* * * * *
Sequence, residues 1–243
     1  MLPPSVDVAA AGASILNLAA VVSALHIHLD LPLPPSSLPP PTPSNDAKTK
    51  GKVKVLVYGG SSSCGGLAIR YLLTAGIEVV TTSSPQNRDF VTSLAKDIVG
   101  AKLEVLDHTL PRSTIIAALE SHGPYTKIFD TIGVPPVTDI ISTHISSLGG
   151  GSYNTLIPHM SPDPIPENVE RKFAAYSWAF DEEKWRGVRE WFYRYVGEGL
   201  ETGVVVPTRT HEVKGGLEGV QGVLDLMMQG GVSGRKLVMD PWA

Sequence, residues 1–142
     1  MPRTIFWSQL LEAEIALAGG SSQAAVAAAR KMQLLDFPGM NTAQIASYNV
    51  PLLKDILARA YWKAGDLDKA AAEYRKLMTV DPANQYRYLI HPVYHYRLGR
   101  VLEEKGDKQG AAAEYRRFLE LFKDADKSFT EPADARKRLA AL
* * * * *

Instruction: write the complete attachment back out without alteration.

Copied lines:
Sequence, residues 1–243
     1  MLPPSVDVAA AGASILNLAA VVSALHIHLD LPLPPSSLPP PTPSNDAKTK
    51  GKVKVLVYGG SSSCGGLAIR YLLTAGIEVV TTSSPQNRDF VTSLAKDIVG
   101  AKLEVLDHTL PRSTIIAALE SHGPYTKIFD TIGVPPVTDI ISTHISSLGG
   151  GSYNTLIPHM SPDPIPENVE RKFAAYSWAF DEEKWRGVRE WFYRYVGEGL
   201  ETGVVVPTRT HEVKGGLEGV QGVLDLMMQG GVSGRKLVMD PWA

Sequence, residues 1–142
     1  MPRTIFWSQL LEAEIALAGG SSQAAVAAAR KMQLLDFPGM NTAQIASYNV
    51  PLLKDILARA YWKAGDLDKA AAEYRKLMTV DPANQYRYLI HPVYHYRLGR
   101  VLEEKGDKQG AAAEYRRFLE LFKDADKSFT EPADARKRLA AL